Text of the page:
Fat is a major metabolic fuel and is the predominant fuel utilized by most tissues during periods of fasting and during intake of high fat diets. Research in the last two decades has focused on signals (notably, the hormone leptin) derived from stored fat, while the mechanisms through which circulating fats may alter food intake have been neglected. Yet circulating fatty acids have the inherent potential to influence food intake and other homeostatic functions acutely and therefore may be of special significance in controlling onset and size of daily meals. One important control of feeding by fatty acids is known as the lipoprivic control, a stimulatory control of feeding evoked experimentally by drugs such as 2-mercaptoacetate (MA) that block fatty acid oxidation. Despite being well accepted, the underlying mechanisms of this control are poorly understood. Although it is known to be dependent on vagal sensory neurons, the sites of action, mechanisms of action and central pathways through which MA evokes food intake are not known. In this application, we examine mechanisms underlying lipoprivic control of feeding. It has been assumed until now that this control of feeding arises entirely from reduced fatty acid oxidation. However, we found recently that MA, the drug most commonly used to study lipoprivic control, may also have fatty acid receptor blocking effects at G-protein coupled receptors (GPR40 and/or GPR120) that are independent of fat oxidation.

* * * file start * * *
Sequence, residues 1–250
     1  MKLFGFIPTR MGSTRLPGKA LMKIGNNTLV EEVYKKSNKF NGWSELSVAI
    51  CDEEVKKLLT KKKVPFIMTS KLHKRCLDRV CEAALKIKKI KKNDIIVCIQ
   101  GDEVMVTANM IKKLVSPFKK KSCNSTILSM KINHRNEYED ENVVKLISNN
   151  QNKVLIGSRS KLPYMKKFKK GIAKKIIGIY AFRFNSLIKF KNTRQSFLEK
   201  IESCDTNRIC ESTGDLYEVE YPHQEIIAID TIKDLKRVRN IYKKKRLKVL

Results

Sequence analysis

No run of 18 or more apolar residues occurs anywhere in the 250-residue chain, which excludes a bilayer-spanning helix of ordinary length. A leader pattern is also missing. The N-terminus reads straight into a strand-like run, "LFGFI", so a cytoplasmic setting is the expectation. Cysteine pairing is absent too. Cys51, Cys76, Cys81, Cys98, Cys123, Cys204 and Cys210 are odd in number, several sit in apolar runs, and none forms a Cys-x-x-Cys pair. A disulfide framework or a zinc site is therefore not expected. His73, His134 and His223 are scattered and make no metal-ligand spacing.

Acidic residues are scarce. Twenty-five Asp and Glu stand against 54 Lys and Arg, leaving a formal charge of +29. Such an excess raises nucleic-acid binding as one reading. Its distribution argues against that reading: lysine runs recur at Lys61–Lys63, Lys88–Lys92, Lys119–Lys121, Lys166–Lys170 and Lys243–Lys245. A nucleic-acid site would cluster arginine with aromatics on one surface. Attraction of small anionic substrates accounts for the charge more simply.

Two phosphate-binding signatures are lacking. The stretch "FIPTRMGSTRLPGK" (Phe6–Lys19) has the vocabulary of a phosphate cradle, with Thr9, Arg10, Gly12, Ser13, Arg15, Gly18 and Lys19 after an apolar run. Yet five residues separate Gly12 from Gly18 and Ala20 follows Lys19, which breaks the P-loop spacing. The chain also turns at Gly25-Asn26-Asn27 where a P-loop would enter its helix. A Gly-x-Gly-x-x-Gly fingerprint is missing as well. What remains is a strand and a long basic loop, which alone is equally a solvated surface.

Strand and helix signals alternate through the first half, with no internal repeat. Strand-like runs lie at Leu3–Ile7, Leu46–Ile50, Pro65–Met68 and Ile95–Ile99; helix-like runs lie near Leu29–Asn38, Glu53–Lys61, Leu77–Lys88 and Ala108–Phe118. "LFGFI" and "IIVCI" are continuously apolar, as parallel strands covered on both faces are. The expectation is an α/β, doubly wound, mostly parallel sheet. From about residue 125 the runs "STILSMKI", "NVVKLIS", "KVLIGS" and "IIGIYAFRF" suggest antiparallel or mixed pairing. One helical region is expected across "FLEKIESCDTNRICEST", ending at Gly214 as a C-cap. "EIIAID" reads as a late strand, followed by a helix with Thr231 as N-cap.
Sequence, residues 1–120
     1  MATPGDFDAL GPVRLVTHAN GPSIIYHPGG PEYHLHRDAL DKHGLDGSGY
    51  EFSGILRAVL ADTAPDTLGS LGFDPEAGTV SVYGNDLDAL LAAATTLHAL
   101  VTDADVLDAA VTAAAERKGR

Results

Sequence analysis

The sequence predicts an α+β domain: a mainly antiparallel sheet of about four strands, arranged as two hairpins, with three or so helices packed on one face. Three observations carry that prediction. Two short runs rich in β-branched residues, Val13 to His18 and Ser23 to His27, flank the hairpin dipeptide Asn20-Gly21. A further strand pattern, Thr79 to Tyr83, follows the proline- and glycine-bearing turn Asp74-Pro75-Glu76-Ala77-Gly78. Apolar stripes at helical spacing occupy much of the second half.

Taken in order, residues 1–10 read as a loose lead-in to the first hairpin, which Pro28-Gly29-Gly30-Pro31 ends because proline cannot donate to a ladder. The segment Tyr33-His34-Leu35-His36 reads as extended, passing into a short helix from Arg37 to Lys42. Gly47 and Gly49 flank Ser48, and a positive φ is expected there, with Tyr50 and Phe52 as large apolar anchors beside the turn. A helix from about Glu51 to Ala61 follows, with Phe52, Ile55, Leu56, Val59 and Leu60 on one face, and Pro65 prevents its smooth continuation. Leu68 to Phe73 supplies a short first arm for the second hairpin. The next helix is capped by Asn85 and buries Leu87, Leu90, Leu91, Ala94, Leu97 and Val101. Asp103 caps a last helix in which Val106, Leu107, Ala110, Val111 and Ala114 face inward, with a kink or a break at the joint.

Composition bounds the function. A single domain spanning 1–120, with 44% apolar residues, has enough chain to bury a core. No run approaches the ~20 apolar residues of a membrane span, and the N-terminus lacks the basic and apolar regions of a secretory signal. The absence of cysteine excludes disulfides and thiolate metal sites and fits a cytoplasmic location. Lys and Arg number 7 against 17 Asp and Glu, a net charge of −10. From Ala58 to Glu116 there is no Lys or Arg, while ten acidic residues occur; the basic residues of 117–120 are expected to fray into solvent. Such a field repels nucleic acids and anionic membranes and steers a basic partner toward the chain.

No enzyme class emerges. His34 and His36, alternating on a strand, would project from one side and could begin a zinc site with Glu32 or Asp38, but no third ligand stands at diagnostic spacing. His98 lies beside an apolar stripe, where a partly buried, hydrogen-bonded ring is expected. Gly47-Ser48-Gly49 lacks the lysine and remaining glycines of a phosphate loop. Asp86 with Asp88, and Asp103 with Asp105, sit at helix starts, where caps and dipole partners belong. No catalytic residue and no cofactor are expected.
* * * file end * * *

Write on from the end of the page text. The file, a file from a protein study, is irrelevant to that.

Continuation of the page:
Specific Aim 1 examines this potential mechanism of MA using calcium imaging in various tissues, including cultured cell lines known to express these receptors and GPR40 and GPR120 knockout mice. Using in vivo approaches, Specific Aim 2 examines the possibility that MA stimulates feeding in part by altering secretion of gut hormones that influence hunger and satiety, including MA's possible interaction with GPR40 and 120 in these effects.
Specific Aim 3 addresses the poorly understood central pathways for control of feeding by MA, focusing on the orexigenic peptides, melanin concentrating hormone (MCH) and galanin, the only peptides so far known to be activated by MA. Results of the proposed experiments may be paradigm shifting with respect to our understanding of lipoprivic control of food intake and the broad spectrum of participation of free fatty acid receptors in this control. I addition, some results may have translational significance for diabetes, where beta cell GPR40 is already a target for drug development.
Most recent research on control of food intake by fat has focused on the role of signals from stored fat. Using in vivo and in vitro approaches we focus on lipoprivic control of feeding and investigate mechanisms by which circulating free fatty acids are detected by peripheral mechanisms that control feeding.
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